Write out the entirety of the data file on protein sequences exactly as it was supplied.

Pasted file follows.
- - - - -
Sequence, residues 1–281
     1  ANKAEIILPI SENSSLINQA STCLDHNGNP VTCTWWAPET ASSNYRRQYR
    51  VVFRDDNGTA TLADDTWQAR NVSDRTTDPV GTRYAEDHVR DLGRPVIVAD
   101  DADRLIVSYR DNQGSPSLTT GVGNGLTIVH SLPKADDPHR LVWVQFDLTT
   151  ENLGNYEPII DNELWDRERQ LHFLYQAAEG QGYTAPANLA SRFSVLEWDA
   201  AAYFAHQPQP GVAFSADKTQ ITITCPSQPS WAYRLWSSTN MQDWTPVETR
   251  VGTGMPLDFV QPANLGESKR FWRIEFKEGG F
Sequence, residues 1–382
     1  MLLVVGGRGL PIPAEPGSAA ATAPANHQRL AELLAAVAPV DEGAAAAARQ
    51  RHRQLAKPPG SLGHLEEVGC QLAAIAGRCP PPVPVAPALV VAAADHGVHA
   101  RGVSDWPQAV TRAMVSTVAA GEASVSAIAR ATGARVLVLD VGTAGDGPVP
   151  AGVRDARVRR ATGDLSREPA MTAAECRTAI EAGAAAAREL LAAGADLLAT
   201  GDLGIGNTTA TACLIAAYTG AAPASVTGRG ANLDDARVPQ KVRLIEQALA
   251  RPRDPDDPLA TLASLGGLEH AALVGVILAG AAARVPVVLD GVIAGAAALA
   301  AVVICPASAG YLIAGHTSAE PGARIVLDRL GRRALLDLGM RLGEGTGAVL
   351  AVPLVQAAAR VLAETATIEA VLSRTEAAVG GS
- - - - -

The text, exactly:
Sequence, residues 1–281
     1  ANKAEIILPI SENSSLINQA STCLDHNGNP VTCTWWAPET ASSNYRRQYR
    51  VVFRDDNGTA TLADDTWQAR NVSDRTTDPV GTRYAEDHVR DLGRPVIVAD
   101  DADRLIVSYR DNQGSPSLTT GVGNGLTIVH SLPKADDPHR LVWVQFDLTT
   151  ENLGNYEPII DNELWDRERQ LHFLYQAAEG QGYTAPANLA SRFSVLEWDA
   201  AAYFAHQPQP GVAFSADKTQ ITITCPSQPS WAYRLWSSTN MQDWTPVETR
   251  VGTGMPLDFV QPANLGESKR FWRIEFKEGG F
Sequence, residues 1–382
     1  MLLVVGGRGL PIPAEPGSAA ATAPANHQRL AELLAAVAPV DEGAAAAARQ
    51  RHRQLAKPPG SLGHLEEVGC QLAAIAGRCP PPVPVAPALV VAAADHGVHA
   101  RGVSDWPQAV TRAMVSTVAA GEASVSAIAR ATGARVLVLD VGTAGDGPVP
   151  AGVRDARVRR ATGDLSREPA MTAAECRTAI EAGAAAAREL LAAGADLLAT
   201  GDLGIGNTTA TACLIAAYTG AAPASVTGRG ANLDDARVPQ KVRLIEQALA
   251  RPRDPDDPLA TLASLGGLEH AALVGVILAG AAARVPVVLD GVIAGAAALA
   301  AVVICPASAG YLIAGHTSAE PGARIVLDRL GRRALLDLGM RLGEGTGAVL
   351  AVPLVQAAAR VLAETATIEA VLSRTEAAVG GS